We are using UML's virtual networking to develop a variant of PPPoE. We test
protocol by starting a few UML's, each UML has a virtual eth i/f connected
to a tap device
on the host. On the host we bring the different tap's into a bridge to
simulate a small LAN.
Therefore I like Henriks proposal better, since we don't want IP addresses
the tap's, proxy arp or an entry in the hosts routing table.
Question: Why not to let the virtual eth i/f open /dev/tapx
directly instead of having
a helper app opening it?
> > > and the host ends IP address (and routing) you set with ifconfig on
> > > the host.
> > Right, which is exactly what happens. Except that ifconfig is run from
> > helper, which is invoked by the driver. The driver doesn't know
> > about the host IP address except that it's a cookie to be passed to the
> The problem I am having is a conceptual one.
> NIC hardware and cabling does not usually care about IP addresses, why
> UML variant do? From a conceptual point of view the helper is part of the
> hardware emulation.
> A TAP interface on the host is the equivalence of a crossed ethernet cable
> connecting the userspace application with a ethernet NIC on the host. The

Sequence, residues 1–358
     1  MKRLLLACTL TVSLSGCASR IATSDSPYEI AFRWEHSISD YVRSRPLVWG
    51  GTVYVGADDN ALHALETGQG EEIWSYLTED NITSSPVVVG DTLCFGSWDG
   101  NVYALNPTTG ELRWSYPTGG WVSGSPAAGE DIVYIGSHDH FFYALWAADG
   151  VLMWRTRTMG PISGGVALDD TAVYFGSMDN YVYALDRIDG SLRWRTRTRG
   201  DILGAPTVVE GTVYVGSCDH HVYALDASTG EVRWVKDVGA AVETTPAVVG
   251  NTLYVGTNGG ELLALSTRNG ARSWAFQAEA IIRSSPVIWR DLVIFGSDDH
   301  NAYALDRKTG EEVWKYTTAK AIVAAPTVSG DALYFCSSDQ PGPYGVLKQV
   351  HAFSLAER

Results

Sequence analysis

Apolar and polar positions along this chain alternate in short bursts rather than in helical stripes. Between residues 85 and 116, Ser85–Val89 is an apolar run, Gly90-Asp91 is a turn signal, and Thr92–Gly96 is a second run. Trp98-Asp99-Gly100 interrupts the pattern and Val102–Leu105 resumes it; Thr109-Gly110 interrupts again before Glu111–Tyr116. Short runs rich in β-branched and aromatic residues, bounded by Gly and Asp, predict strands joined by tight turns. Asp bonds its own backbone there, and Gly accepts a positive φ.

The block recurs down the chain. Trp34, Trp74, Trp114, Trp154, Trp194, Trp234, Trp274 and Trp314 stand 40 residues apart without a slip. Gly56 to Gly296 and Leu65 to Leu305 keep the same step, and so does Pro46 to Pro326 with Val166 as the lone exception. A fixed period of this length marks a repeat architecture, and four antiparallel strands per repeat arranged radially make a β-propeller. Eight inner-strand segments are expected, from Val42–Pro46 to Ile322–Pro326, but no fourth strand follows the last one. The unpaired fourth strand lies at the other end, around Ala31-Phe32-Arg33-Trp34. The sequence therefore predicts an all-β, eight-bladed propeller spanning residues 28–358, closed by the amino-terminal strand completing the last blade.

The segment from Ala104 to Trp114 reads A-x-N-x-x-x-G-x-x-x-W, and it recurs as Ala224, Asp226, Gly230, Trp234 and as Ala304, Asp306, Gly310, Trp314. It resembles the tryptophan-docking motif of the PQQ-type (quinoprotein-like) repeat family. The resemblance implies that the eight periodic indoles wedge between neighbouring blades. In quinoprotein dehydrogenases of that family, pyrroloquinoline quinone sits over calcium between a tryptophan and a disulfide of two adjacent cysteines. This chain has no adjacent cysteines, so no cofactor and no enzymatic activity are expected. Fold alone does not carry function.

> application (i.e. UML) may attach and detach this virtual cable to the
> whenever it wants, similar to how you plug and unplug a cable in in the
> If you were using the non persistent TUN/TAP device of 2.4 (without
> using a helper makes some sense as the host interface is truly lost when
> application disconnects, and it is quite awkward to get it configured
> automatically, but not when using ETHERTAP or persistent TUN/TAP.
> What I see as being useful in a production UML is a more generic trigger
> that is called whenever a UML interface is brought up or down, passing the
> UML name, UML interface name and TAP device name and a kernel command line
> specified cookie as arguments, but it should not default to use a SUID
> reconfiguring the host. It the administrator wants such a thing for some
> he/she can do it via the trigger.
> Henrik Nordstrom